Advertisement
YOU ARE HERE: LAT HomeCollectionsTeachers California
IN THE NEWS

Teachers California

CALIFORNIA | LOCAL
September 23, 1988
Four Los Angeles County educators Thursday were named 1988 winners of California Educator Awards. Each award includes a cash prize of $25,000. Funded by the Milken Family Foundation of Los Angeles, a charitable organization that supports educational and humanitarian activities, the awards honored teachers and principals who have made "exemplary contributions" to schools, said state Supt. of Public Instruction Bill Honig. The Los Angeles County winners were among 12 educators honored statewide.
Advertisement
NEWS
December 12, 1989 | KEITH LOVE, TIMES POLITICAL WRITER
In an effort "to make California schools the best in the world," California Democratic gubernatorial candidate John K. Van de Kamp on Monday proposed the creation of 4,000 annual fellowships for students and others who want to become teachers. Calling for a California teacher corps, Atty. Gen. Van de Kamp said in a speech to the education department at UCLA, "I propose that we pay the full cost of up to two years of college plus a year of graduate work toward teacher certification.
CALIFORNIA | LOCAL
February 3, 1999 | RICHARD LEE COLVIN
Recruiters from Massachusetts came calling in Berkeley last week, looking to hire a few good teachers. To sweeten the state's appeal, they came offering $20,000 bonuses to be paid out over four years. "We're looking at perhaps lawyers, housewives who have parenting experience, community activists, engineers who have worked 20 years in Silicon Valley," said Alan Safran, chief of staff for the Massachusetts Department of Education. "We want leaders from any aspect of life."
NEWS
July 10, 1991 | LAUREN LIPTON
I felt myself blushing as I proposed this story to an editor. She was very nice about it. "I'm sure you know more than you think," she said. "No," I said. "Really, I don't know anything. Go ahead, ask me a question." We launched onto a different subject, so she never did test my knowledge of history, geography or math. But if she had given me an impromptu quiz, there's a good chance I would have failed. I know, because I tried it when I called my mom the other day.
NEWS
January 8, 2000 | RICHARD LEE COLVIN and MARTHA GROVES, TIMES EDUCATION WRITERS
Money talks. At least, Gov. Gray Davis hopes it does. Borrowing a strategy from high-tech companies that offer stock options and other financial incentives to attract highly trained workers, Davis is trying to lure teachers into the state's lowest-performing schools with a bevy of bonuses, loans, fellowships and tuition rebates. That's one reason the budget he will unveil Monday includes $2.1 billion more for primary and secondary education than last year, pushing his proposed total to $28.
NEWS
December 19, 1998 | RICHARD LEE COLVIN and KENNETH R. WEISS, TIMES EDUCATION WRITERS
Stepping in to help improve the quality of teaching in the state's public schools, the head of California State University on Friday unveiled a crash program to cut the time it takes uncredentialed teachers to complete their training. By next summer, 1,000 teachers working under so-called emergency permits will be able to obtain their credentials within 18 months, in part by watching videotapes and completing courses on the Internet at night and on weekends, Chancellor Charles B.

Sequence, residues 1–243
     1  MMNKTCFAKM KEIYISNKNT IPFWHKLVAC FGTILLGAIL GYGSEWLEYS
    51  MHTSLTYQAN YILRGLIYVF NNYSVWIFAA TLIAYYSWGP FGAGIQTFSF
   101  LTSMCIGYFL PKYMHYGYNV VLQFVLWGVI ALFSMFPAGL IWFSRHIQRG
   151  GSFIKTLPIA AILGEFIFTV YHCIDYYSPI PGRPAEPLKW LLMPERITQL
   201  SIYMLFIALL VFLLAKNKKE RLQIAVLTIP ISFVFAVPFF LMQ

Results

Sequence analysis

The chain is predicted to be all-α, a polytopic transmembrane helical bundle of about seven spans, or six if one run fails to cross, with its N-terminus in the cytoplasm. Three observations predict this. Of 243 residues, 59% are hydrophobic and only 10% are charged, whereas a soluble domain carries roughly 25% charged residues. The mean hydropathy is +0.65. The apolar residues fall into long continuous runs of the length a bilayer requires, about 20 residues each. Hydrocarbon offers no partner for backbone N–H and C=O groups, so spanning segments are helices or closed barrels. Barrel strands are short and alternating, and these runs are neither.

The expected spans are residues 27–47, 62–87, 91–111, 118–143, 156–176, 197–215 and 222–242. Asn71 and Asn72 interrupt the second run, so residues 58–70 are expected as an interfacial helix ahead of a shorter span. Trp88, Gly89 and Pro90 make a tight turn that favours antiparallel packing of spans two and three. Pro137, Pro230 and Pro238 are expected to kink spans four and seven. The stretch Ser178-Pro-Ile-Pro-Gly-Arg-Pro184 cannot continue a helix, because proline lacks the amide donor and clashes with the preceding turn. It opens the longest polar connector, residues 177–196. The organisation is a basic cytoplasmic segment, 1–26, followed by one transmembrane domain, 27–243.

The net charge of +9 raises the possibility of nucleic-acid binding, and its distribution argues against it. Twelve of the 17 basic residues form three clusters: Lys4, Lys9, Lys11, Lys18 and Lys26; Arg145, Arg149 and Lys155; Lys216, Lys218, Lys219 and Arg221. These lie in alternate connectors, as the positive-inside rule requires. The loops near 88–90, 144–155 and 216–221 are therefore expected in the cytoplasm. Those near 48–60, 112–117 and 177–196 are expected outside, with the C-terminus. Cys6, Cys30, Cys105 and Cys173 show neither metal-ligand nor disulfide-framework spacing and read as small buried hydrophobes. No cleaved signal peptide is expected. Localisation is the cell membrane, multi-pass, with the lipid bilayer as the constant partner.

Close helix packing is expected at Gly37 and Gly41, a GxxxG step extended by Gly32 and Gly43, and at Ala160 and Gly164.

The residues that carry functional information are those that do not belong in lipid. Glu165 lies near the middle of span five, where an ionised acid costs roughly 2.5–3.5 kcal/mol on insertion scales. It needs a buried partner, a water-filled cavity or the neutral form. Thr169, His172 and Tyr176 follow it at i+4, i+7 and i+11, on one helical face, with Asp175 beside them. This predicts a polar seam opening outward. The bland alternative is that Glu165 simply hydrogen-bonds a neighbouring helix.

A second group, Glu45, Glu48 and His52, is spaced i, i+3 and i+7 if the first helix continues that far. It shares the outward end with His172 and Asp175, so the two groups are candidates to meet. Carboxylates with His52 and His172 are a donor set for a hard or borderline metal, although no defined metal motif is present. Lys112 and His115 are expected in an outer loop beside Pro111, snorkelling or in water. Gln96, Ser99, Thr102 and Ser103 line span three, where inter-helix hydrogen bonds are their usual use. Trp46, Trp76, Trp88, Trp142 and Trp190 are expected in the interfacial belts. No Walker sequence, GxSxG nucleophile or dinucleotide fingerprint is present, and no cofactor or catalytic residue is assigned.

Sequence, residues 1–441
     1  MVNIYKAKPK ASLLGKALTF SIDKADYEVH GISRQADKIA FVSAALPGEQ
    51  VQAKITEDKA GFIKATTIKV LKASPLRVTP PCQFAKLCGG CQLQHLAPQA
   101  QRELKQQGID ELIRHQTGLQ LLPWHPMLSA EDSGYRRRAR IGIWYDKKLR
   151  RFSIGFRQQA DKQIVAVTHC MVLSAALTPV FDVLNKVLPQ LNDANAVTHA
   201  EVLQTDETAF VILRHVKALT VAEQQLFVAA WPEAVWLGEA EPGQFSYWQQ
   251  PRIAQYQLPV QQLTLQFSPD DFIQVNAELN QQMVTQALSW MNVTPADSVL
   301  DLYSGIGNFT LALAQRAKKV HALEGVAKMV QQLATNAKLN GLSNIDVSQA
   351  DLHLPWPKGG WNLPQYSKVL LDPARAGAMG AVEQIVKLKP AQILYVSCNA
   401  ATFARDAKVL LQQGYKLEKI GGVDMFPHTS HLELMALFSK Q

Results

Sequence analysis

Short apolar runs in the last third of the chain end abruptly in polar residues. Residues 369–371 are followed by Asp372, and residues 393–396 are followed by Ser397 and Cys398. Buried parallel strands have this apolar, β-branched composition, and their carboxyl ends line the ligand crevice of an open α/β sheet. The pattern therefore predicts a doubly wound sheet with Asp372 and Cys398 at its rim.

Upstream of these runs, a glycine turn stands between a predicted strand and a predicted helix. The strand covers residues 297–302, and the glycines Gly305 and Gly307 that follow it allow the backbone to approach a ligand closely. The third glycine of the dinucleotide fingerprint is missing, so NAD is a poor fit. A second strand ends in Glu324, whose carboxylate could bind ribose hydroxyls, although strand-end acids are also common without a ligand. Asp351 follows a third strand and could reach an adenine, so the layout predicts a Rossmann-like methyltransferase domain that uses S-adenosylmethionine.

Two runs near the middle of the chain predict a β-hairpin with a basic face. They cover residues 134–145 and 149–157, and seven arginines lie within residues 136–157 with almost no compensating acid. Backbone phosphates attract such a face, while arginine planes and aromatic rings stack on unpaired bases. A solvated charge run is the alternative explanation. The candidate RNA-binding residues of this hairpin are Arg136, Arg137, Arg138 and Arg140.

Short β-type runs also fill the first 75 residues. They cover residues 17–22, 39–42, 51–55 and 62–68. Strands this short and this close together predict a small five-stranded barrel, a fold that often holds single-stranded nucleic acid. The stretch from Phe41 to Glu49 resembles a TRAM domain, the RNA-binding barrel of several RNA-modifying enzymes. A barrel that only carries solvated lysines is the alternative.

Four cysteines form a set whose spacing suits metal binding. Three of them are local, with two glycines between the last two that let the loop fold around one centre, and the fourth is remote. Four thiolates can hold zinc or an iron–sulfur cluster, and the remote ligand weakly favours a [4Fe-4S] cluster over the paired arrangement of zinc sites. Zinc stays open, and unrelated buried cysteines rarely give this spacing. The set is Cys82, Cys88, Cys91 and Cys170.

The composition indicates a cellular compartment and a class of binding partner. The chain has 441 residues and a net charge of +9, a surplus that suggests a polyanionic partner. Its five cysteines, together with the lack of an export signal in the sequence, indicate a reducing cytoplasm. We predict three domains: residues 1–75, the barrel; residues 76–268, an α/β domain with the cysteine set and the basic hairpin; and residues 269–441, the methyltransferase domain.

CALIFORNIA | LOCAL
August 13, 1996 | MONICA VALENCIA, SPECIAL TO THE TIMES
Anna Flores teaches more than Spanish at Garfield High School. She talks about growing up in a single-parent home in East L.A. She shows pictures of herself when she graduated from Garfield in 1987. She discusses the rigors of academic study at Cal State L.A. The students seem to respond positively to her. "We like to hear these things," said 10th-grader Ramon Cellestino. "It's pretty hard because we live around gangs, families with money problems. You get used to seeing these things.
CALIFORNIA | LOCAL
July 17, 1991 | From Times Staff and Wire Reports
A teacher who showed his junior high math students an anti-abortion film has resigned under pressure, an official said. Lamar Hagan, a probationary instructor, was given the option of quitting or being fired and chose to quit, Earlimart School District Supt. Sandra Torchia said. "Whatever his personal beliefs, that's OK, but you don't bring them to class with you," Torchia said. Hagan was unavailable for comment.
NEWS
March 16, 1995 | RICHARD LEE COLVIN, TIMES STAFF WRITER
An unusual bipartisan coalition headed by a conservative Republican state senator and the state's largest teachers union local is backing a bill to shrink school district spending on central office administrators and expand what is used for classroom basics such as teachers, books, computers and the like. The Educational Accountability and Efficiency Act, written by Sen.
CALIFORNIA | LOCAL
August 5, 1996 | RICHARD LEE COLVIN, TIMES EDUCATION WRITER
While one group of California school officials is engaged in an unprecedented rush to recruit the thousands of new teachers it will take to reduce primary grade classes to 20 students, another group is working just as feverishly to make sure that those new teachers have a classroom where they can hang their chalk.
Los Angeles Times Articles
|